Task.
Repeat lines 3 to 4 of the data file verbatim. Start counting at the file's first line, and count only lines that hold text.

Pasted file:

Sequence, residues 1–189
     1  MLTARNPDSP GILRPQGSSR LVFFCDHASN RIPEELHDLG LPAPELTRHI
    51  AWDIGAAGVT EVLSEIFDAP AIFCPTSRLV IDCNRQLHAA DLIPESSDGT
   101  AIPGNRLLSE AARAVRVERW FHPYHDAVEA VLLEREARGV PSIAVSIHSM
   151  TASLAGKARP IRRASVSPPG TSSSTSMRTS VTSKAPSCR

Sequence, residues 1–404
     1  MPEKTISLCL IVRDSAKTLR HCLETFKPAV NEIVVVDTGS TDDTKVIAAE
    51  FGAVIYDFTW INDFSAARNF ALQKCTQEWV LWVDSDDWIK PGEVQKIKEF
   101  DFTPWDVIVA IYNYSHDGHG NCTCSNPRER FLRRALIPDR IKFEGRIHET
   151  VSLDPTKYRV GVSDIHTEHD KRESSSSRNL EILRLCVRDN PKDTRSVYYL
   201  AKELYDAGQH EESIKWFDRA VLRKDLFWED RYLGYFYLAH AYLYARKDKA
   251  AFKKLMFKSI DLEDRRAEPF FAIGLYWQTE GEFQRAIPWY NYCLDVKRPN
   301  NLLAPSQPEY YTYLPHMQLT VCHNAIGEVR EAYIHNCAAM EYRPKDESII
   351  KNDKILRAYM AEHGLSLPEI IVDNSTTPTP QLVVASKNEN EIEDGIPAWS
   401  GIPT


    51  AWDIGAAGVT EVLSEIFDAP AIFCPTSRLV IDCNRQLHAA DLIPESSDGT
   101  AIPGNRLLSE AARAVRVERW FHPYHDAVEA VLLEREARGV PSIAVSIHSM